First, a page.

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Environmental Design for Community Dwelling Elders with dementia

Gradual decline in cognitive function is the hallmark of Alzheimer's disease with decline in memory, reasoning, calculation, language and decision making. This poses a challenge to both elders with dementia and caregivers as their day-to-day living, e.g. housework, cooking, managing money, and placing objects becomes more difficult. Most elders with dementia compensate for the deficit by following habitual routines that have been preserved in their long term memory. In the late stage, self-care ability is lost and they become fully dependent on caregivers. In addition to personal care in daily living, a structured daily routine, appropriate activities and a well designed home environment can promote safety and maintain residual skills to facilitate self care as far as possible.

A good environmental design can compensate for some of the cognitive impairment faced by elders with dementia. A familiar safe, supportive, and stimulating environment can facilitate the elder's engagement in daily activities, reduce task difficulty, enhance participation and delay further decline in daily living skills hence helping caregivers to ease stress as well. More support, encouragement and empathy from caregivers can promote wellness and dignity for elders' remaining days.

Online videos - Dementia: Environmental modification.

Strategies in Environmental Design

Maintain a familiar living environment

A familiar living environment for elders with dementia can provide a sense of security and comfort. It can help to stimulate memory and preserve residual function. Avoid changing furniture or home renovation unnecessarily.

Same location for household objects

Elders should develop the good habit of putting household objects such as clothes, shoes, wallets and keys in same designated place. This enables easy retrieval and reduces the chance of misplacing them.

  • Objects for daily living should be placed in the order of use. This facilitate elders to perform task independently. For example, lay out clothes in the order they are to be put on to ensure accurate wearing, especially after bathing. This can encourage independence in dressing.

Safe Environment

Simple environmental improvements can significantly reduce the risk of domestic injuries. Examples include installing handrails in the bathroom, keeping the floor dry, using non-slip shower mat to prevent falls; reducing clutter and keeping hallway clean to reduce the risk of accidents etc. A well-lit and quiet environment avoids unnecessary distraction and enables the elder to pay attention.

  • Some elders with dementia may not be able to recognize their own image in the mirror resulting in agitation. In such case, simply remove the mirror or cover it with a cloth.
  • Clear French windows can be a danger. By installing window grilles or putting decorations can minimize the risk of elders bumping into them.
  • Scissors, sharp objects, bleaching agents and cleaning solvents should be stored properly in order to avoid accidents.

Environmental Cues

Labeling cupboards and doors can assist elders with dementia to locate items and find their way. Such labels may use simple wordings, picture and distinctive color. Combination of colorful pictures and words can be used for easier understanding.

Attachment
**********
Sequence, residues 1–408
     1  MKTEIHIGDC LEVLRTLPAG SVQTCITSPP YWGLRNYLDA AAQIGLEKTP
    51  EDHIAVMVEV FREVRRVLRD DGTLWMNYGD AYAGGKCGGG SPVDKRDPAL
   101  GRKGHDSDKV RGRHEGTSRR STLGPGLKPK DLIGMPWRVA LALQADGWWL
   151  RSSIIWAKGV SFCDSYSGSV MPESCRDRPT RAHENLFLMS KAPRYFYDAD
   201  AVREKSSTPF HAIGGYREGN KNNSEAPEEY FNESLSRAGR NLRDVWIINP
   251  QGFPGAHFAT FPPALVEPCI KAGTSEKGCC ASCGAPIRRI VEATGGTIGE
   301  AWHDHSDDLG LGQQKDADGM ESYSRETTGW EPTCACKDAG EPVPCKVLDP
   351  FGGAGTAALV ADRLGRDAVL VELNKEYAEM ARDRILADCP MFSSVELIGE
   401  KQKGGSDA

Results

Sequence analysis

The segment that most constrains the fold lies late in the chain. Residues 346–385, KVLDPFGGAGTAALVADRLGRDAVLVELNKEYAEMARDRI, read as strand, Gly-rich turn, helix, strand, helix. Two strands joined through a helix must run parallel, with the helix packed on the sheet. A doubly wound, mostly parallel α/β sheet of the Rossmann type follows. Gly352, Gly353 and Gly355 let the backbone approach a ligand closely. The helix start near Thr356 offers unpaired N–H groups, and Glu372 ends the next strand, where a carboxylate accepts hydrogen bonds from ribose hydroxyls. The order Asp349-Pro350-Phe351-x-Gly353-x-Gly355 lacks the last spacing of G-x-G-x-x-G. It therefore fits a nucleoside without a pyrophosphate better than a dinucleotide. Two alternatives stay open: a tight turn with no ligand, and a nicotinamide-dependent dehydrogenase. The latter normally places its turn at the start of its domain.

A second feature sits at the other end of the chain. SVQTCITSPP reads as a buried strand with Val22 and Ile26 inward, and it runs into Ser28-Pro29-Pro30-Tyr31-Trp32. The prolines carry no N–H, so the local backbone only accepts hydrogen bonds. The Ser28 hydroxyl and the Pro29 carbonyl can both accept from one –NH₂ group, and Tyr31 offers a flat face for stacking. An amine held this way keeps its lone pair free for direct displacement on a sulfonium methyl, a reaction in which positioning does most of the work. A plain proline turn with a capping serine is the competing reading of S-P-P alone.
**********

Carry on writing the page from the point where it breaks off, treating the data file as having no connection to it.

• For example, put a label with the word "underwear" on a drawer to help elders to locate their underwear, and sticking a picture of the toilet bowl or a label with the word "toilet" can be placed on the toilet door as a reminder.
  • By sticking a strong contrasting color strip on the toilet seat, demented men may be able to aim more accurately.
Contrasting color strip on the toilet seat can remind the elder to aim more accurately
  • Many elders may experience distorted visual perception with strong color and light contrast, e.g. they may avoid walking near the dark shadow on the floor, believing it to be a hole in the floor, and light reflection on the floor may be misinterpreted as "wet floor". Therefore, caregivers should avoid placing dark mats on light colored floors or glossy floor surfaces. On the other hand, skillful use of color contrast can help elders to distinguish the environment, e.g. a bright yellow "anti-slip tape" on a dark threshold can highlight it clearly to avoid tripping.
A bright yellow 'anti-slip tape' can highlight the threshold to avoid trips

Environmental Stimulation

A stimulating environment can reinforce elders' sense of identity and facilitate integration in daily living. Past photos, ornaments and other souvenirs can trigger reminiscence which would strengthen their old memories and stimulate interests in life, help to slow down the degeneration process.

  • Festival decorations can help elders to orientate to time and place. For examples, hang lantern during Mid-Autumn Festival, install a Christmas tree during Christmas etc.
  • Display past photos, favorite ornaments and other souvenirs to remind elders of their past. These can also trigger for discussion and sharing.
  • Avoid "over stimulation", display limited items, as too much decoration may confuse the elders. There is also no need to change them frequently.
Environmental props to trigger memories

Conclusion

It is a challenge to provide quality care for elders with dementia. In order to provide a safe, fulfilling and stable living, caregivers should try to understand elder's needs and be ready to adapt to changes as their condition deteriorate. Love, acceptance and patience are the essence in care for elders with dementia. However, caregivers should not neglect their own needs. They should learn caring skills to understand the disease process, seek support from family and community services and expert input wherever necessary so as to reduce caregiver stress.